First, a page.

We drove straight to Cincinnati and signed into Six Acres B&B which had two bedrooms ready for us to get some much-needed sleep when we arrived in the middle of the night. Kristin Kitchen owns the only Black-owned Bed and Breakfast in the city and makes guests feel like family when they stay, with the smell of breakfast filling the two-story house in the morning. She’s also great at explaining the relevance of Six Acres and what it means to Cincy and its history. We fell in love with the people and its moving spirits. My daughter, Nya, got to play with the owner’s 8-year-old daughter and her 10-year-old friend who was visiting from Miami which made our road trip even more special.
During the afternoon we made our way to Findlay Market where the Cincinnati Conventions and Visitors Bureau secured a walking tour of their flavorful vendors which represent a melting pot of ethnicities and local historical relevance. We stopped at Churchill Fine Teas, which specializes in loose-leaf teas with more than 260 varieties of organic compliant flavors, to get a cool drink in the 90-degree heat. We were served an iced peacefully peach that was as flavorful as it was refreshing. (My daughter now loves tea without sugar, go figure.)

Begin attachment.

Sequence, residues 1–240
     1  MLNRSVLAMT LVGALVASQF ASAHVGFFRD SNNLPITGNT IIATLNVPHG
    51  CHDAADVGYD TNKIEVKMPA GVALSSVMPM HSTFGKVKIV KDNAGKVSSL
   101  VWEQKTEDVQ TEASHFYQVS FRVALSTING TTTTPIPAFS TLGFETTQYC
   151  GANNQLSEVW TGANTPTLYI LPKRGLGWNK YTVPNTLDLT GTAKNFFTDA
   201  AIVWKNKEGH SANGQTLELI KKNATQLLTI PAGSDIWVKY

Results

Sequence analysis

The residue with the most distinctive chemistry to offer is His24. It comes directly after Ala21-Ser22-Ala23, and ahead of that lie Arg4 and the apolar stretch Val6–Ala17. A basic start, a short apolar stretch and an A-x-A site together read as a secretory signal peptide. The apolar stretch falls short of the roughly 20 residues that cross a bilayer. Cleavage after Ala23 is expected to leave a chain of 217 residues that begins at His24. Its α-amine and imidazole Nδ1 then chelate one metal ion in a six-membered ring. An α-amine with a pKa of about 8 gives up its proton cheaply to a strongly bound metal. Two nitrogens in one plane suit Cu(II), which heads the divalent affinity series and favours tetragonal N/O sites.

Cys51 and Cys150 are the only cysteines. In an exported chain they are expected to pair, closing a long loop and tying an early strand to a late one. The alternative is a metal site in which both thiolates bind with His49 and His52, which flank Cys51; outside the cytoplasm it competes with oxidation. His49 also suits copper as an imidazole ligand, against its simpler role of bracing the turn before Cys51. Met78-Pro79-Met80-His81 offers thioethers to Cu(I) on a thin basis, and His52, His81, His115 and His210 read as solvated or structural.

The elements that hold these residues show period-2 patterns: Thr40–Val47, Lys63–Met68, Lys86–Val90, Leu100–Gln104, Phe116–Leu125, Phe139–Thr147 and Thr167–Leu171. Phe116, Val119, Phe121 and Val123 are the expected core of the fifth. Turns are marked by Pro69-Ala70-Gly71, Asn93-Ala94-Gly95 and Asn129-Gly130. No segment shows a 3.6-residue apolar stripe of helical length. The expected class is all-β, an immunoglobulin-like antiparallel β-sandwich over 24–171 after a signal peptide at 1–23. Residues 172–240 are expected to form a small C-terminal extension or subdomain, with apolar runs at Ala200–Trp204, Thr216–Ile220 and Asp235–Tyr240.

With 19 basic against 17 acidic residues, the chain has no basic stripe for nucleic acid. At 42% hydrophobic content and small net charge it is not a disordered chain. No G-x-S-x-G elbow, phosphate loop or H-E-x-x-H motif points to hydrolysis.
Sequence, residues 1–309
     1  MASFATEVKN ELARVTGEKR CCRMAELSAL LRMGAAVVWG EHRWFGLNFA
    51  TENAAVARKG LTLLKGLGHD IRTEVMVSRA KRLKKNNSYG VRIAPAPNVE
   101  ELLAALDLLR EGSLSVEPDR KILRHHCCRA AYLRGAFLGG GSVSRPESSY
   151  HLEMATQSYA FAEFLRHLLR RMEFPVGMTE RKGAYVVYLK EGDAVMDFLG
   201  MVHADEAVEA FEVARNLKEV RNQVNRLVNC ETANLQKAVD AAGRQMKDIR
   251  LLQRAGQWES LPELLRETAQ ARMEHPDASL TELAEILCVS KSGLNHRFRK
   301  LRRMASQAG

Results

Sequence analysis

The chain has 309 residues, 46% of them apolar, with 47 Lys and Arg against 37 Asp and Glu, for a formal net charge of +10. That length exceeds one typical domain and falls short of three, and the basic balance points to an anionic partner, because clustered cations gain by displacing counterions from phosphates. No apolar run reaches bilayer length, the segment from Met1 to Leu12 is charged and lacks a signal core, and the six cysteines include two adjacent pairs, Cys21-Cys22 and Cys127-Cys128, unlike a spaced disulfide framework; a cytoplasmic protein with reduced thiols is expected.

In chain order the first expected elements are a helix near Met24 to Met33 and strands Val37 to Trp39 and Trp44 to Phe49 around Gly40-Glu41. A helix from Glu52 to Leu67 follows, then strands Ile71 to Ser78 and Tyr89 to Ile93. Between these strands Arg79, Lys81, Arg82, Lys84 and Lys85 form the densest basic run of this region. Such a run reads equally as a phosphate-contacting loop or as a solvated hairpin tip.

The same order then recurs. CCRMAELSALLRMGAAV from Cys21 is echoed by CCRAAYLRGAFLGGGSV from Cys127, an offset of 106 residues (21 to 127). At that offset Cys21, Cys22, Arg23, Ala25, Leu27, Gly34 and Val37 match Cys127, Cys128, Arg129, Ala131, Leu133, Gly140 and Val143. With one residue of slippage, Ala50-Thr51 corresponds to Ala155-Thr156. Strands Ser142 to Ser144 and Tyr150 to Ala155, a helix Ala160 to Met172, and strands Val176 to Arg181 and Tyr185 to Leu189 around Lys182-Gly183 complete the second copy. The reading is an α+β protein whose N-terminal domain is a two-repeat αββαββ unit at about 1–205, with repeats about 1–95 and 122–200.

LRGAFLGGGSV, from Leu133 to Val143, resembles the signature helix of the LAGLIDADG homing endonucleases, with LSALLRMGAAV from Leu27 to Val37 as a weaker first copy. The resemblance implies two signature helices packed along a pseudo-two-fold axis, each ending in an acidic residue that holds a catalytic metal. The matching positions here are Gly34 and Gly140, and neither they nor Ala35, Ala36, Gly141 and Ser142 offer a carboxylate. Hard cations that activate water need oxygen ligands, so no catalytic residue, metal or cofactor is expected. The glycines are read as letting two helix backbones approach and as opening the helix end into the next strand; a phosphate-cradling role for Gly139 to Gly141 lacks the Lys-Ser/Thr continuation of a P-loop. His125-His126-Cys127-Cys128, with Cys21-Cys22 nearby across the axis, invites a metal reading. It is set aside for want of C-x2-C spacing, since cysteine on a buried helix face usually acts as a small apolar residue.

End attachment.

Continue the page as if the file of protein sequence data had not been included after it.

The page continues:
While still at the market, we were starving by then and made our way to The Arepa Place, owned by Isis Doris Arrieta-Dennis, for some stuffed cheese arepas, a delicious patty specialty of Colombia. Isis shared with us that her mom, who is currently stationed in Colombia due to U.S. travel restrictions, created the recipe that is served at her café.
We stopped by Black Owned, a 9-year-old Streetwear retail store owned by Cam Means. We first came across Black Owned at the 2016 BET Awards and immediately fell in love with the name and mission of the brand, which has since expanded into a cafe and lounge housed next door.
We ended our stay in Cincy in water, at the Newport Aquarium that is. I’ve wanted to bring Nya back here since 2011 when she was still fascinated with everything, but since we’ve overdosed on documentaries about animal rights and their treatment in zoos and aquariums, we see things a bit differently now.
The crowd at the aquarium was minimal and many times we felt like we had the place to ourselves. Because Nya and I are now more informed and engaged, it made exploring that much more interesting. And we made sure to chat with the experts on site about how they care for these animals.